The District of Columbia agreed to lift its prohibition on civilian ownership of Tasers on Monday as part of a lawsuit filed in federal court.
In the two-page order, signed by U.S. District Judge James E. Boasberg, the city agreed not to enforce its current ban on Tasers and other electronic arms for lawful self-defense in residences while lawmakers hammer out a new and more accommodating law.
“This marks one more small step in achieving full Second Amendment rights in the District of Columbia,” attorney George L. Lyon, representing the case, told Guns.com on Wednesday. “There are plainly more steps on this journey.”
The Taser case was brought by Crystal Wright, a conservative blogger who has been cyber-stalked and threatened for her political beliefs and sought a means to protect herself. As noted in court documents, one person sent her an email saying he intended to break into her home and bash her head in.
With firearm permits in the District notoriously hard to obtain and a desire to use less lethal means if possible for liability reasons, Wright attempted to buy a Taser online in May and was refused by the company, citing DC law which prohibited them from selling the device to civilians — though they do sell them to law enforcement in the same area.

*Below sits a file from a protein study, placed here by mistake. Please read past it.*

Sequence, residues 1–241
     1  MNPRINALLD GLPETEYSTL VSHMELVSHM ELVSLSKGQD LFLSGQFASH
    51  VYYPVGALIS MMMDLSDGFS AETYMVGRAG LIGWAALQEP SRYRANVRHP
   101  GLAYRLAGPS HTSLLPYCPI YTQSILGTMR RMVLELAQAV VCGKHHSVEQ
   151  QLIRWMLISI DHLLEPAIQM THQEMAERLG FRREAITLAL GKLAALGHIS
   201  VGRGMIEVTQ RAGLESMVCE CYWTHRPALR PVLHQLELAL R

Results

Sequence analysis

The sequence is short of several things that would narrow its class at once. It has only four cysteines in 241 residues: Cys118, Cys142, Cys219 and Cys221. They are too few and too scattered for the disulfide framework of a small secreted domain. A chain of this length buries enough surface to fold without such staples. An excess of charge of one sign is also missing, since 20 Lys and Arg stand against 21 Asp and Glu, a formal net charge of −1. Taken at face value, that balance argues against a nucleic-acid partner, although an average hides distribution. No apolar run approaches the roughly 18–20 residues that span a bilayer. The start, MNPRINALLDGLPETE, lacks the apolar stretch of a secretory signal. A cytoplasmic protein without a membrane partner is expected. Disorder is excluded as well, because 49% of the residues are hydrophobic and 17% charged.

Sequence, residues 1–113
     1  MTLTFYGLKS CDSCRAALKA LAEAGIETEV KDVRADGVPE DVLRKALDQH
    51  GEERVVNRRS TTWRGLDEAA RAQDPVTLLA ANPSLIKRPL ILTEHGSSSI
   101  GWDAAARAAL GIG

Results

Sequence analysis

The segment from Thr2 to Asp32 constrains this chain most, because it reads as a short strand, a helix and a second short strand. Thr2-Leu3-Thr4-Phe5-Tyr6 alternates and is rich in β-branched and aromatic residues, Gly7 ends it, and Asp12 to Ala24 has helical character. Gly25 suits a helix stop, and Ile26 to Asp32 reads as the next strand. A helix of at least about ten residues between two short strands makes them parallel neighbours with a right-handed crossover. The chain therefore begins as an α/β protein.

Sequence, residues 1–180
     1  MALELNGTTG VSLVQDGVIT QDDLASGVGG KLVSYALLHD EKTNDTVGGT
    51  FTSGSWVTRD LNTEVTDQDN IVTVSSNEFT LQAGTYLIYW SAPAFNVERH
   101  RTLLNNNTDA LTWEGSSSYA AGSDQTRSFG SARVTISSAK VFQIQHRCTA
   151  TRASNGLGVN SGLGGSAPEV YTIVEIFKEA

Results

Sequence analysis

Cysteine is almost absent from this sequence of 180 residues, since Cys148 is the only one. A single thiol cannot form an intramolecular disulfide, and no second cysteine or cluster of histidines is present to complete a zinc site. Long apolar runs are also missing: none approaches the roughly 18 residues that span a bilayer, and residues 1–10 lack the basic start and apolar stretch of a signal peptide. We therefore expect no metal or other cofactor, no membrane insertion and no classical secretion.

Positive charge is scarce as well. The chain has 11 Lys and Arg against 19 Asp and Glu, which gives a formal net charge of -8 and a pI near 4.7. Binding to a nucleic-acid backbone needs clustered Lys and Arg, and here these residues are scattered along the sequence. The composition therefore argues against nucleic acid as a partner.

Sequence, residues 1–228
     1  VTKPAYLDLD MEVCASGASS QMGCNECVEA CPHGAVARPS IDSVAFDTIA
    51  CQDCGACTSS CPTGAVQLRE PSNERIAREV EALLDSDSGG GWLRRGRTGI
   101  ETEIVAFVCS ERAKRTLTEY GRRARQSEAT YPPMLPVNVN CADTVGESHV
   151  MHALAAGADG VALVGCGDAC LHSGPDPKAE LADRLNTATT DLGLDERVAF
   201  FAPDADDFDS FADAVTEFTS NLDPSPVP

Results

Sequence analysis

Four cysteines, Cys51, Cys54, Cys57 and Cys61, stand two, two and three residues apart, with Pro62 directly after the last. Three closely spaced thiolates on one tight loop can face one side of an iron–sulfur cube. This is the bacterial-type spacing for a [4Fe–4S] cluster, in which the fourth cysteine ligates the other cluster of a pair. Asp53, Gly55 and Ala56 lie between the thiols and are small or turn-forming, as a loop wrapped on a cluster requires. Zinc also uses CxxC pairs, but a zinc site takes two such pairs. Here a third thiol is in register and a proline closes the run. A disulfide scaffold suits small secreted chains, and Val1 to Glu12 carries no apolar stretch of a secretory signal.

Two other District residents, Brendan Turner — twice the victim of armed robbery but unwilling to have a firearm in his home due to young children — and Traci R. Dean, a nurse who works late but is wary of owning a deadly weapon, like Wright attempted to buy a Taser for self-defense in recent months but were denied.
Lyon argued in the plaintiffs’ complaints that the Second Amendment extends “to all instruments that constitute bearable arms, even those that were not in existence at the time of the founding,” citing the 2008 Heller ruling as well as the more recent Caetano case.
In Caetano, the Massachusetts Supreme Judicial Court upheld the conviction of a woman who bought and used a stun gun in self-defense from an abusive ex-boyfriend, citing the device “is not the type of weapon that is eligible for Second Amendment protection” because it was “not in common use at the time of [the Second Amendment’s] enactment.” On March 21, the entire U.S. Supreme Court took one look at that logic and unanimously rejected the state’s argument.
Caetano is also cited heavily in a complaint filed by Second Amendment advocates in New Jersey against the Garden State’s ban on stun guns last month.